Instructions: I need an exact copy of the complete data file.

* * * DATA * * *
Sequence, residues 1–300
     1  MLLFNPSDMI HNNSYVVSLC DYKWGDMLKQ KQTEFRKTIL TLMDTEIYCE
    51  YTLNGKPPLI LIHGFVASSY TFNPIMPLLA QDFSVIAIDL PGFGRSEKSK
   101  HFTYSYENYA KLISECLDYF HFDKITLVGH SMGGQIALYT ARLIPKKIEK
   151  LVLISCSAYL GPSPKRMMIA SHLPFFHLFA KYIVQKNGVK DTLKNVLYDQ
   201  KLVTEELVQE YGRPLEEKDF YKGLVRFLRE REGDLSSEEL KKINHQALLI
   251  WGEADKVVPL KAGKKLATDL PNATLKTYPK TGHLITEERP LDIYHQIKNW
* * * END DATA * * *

Sequence, residues 1–300
     1  MLLFNPSDMI HNNSYVVSLC DYKWGDMLKQ KQTEFRKTIL TLMDTEIYCE
    51  YTLNGKPPLI LIHGFVASSY TFNPIMPLLA QDFSVIAIDL PGFGRSEKSK
   101  HFTYSYENYA KLISECLDYF HFDKITLVGH SMGGQIALYT ARLIPKKIEK
   151  LVLISCSAYL GPSPKRMMIA SHLPFFHLFA KYIVQKNGVK DTLKNVLYDQ
   201  KLVTEELVQE YGRPLEEKDF YKGLVRFLRE REGDLSSEEL KKINHQALLI
   251  WGEADKVVPL KAGKKLATDL PNATLKTYPK TGHLITEERP LDIYHQIKNW